Association chairman Inspector Richard Varley said a proposal for the headscarf was put to the Met commissioner Sir John Stevens in February.
Richard Varley hopes more Muslim women will now join up
"We've had certainly dozens of inquires by potential Muslim female recruits but those inquiries dry up as soon as they realise they can't wear a hijab," he said.
He said the latest move sent "a wider message that Muslim values are valued within the Met whether or not the officers choose to take up the offer of a hijab".
With Muslims making up to one million of seven million Londoners there should be around 3,000 Muslim police officers rather than the 100 or so now in the force, the inspector added.
The introduction of the hijab, with the distinctive Metropolitan police black and white check pattern, follows a similar move by the Met for Sikh officers who are allowed to wear a turban on duty.
Sikh officers can wear a turban instead of helmet
The new addition to the Met's uniform was also welcomed by Sir John Stevens at a conference marking the start of the second phase of the force's diversity strategy.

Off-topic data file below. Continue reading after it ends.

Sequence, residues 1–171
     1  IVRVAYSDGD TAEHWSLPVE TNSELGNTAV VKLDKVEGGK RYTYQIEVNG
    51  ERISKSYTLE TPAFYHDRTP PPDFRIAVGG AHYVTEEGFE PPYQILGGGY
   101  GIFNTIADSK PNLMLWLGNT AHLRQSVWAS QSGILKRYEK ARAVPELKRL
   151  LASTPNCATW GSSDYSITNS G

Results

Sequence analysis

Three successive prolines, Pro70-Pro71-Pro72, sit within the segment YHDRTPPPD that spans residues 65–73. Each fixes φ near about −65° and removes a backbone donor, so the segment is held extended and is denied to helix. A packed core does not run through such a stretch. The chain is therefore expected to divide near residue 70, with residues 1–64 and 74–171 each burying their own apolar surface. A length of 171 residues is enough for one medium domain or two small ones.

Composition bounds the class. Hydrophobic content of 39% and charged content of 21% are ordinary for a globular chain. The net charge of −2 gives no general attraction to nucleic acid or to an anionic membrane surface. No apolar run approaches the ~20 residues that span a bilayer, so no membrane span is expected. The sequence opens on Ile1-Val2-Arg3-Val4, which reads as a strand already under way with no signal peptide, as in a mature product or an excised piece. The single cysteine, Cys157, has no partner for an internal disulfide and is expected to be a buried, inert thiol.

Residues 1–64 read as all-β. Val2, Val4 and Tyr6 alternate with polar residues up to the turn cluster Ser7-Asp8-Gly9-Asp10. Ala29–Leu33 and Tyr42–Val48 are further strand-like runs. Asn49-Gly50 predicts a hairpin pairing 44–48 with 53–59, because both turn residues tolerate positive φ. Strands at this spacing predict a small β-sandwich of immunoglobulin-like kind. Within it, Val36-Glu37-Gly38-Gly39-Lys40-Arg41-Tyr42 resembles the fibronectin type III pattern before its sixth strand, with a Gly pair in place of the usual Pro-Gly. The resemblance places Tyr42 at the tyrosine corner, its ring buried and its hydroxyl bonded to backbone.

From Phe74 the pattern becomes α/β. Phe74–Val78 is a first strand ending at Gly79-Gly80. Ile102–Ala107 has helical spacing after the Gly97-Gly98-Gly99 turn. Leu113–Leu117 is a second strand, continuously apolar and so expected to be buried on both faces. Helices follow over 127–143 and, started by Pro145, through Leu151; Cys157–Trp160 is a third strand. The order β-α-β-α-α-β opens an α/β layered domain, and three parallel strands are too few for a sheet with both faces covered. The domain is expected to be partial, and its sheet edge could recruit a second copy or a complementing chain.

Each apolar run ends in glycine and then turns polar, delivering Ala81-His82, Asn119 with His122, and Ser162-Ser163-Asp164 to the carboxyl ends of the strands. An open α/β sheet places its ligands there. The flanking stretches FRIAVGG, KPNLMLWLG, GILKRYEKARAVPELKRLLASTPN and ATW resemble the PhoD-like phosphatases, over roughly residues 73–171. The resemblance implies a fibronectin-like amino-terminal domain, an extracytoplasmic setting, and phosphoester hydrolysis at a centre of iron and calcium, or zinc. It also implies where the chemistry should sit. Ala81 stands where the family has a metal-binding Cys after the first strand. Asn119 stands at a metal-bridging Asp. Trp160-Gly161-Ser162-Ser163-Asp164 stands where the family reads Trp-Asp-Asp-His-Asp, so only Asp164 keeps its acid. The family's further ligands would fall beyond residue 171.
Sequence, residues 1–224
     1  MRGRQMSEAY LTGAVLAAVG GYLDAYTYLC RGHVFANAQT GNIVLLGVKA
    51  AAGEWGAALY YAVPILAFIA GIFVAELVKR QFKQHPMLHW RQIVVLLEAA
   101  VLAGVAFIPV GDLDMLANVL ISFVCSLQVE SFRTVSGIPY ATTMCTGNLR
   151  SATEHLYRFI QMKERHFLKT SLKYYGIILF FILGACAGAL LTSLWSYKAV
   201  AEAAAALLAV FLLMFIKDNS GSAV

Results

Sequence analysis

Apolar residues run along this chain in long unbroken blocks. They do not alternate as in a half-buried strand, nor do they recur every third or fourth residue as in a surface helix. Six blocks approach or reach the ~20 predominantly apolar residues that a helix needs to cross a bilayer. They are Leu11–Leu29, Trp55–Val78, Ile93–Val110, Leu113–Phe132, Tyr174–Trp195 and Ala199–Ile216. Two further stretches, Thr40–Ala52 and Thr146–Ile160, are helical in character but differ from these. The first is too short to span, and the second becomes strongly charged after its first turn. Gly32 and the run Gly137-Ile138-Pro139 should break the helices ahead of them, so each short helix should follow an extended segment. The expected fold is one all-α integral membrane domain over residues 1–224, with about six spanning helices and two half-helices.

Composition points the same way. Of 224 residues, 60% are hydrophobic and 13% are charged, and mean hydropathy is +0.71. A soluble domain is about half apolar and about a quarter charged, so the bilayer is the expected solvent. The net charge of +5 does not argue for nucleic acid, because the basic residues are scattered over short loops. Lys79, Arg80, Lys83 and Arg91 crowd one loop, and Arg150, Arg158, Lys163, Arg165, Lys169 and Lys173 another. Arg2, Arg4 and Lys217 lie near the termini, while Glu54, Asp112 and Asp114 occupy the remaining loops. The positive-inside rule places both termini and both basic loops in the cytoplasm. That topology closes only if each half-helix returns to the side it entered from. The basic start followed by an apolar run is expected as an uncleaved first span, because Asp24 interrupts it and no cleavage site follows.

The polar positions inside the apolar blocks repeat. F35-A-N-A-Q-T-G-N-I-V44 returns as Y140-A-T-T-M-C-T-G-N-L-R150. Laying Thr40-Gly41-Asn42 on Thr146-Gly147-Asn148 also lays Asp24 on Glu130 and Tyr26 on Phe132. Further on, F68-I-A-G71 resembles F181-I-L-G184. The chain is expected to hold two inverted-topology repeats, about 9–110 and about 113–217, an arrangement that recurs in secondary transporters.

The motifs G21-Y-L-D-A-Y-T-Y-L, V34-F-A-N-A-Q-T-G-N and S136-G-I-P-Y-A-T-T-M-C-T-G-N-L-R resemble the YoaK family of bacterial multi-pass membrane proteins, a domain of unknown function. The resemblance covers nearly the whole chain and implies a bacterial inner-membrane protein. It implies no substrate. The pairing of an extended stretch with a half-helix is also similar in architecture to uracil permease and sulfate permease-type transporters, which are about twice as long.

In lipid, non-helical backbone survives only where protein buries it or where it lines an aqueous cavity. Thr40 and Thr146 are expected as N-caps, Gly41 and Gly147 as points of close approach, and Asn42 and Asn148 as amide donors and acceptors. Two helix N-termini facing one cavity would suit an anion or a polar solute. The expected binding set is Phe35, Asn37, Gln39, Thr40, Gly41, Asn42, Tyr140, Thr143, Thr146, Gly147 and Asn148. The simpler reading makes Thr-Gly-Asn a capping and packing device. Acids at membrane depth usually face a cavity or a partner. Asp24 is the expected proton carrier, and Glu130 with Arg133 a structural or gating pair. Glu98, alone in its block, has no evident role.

The strategy, 'Protect and Respect' was devised after severe criticism in a report examining the force's handling of the inquiry into the murder of a black teenager, Stephen Lawrence.
Sir John said the force had now also signed up to the Commission for Racial Equality's Leadership Challenge, which aimed to encourage organisations to play a greater role in promoting racial equality.
The commissioner said he would not be content with merely pledging support for the Challenge's aims.
"I want actively to embrace them and develop them further and I know the Metropolitan Police Authority is right there with me endeavouring to make the Met a model of diversity that other organisations would wish to emulate," he said.
Sir John said there had been good progress on race issues, but said more needed to be done to meet the Home Office target of 25% of officers from minority ethnic groups.
Leroy Logan: "More needs to be done"
Black Police Association chairman Inspector Leroy Logan agreed progress had been made on race issues.
But he said cases such as that of Iranian-born superintendent Ali Dizaei - suspended after allegations of dishonesty and attempting to pervert the course of justice - were a potential block to more ethnic minority recruits.
"We've got to make sure that those cases are reduced, make sure that high-flyers, rising stars like Ali Dizaei are not victims of the system," he said.
"We are obviously concerned that we have a proper effective investigation to make sure that all cases are resolved because that sets back recruiting the image of the organisation in so many ways and it reduces trust and confidence in the minority communities," Mr Logan added.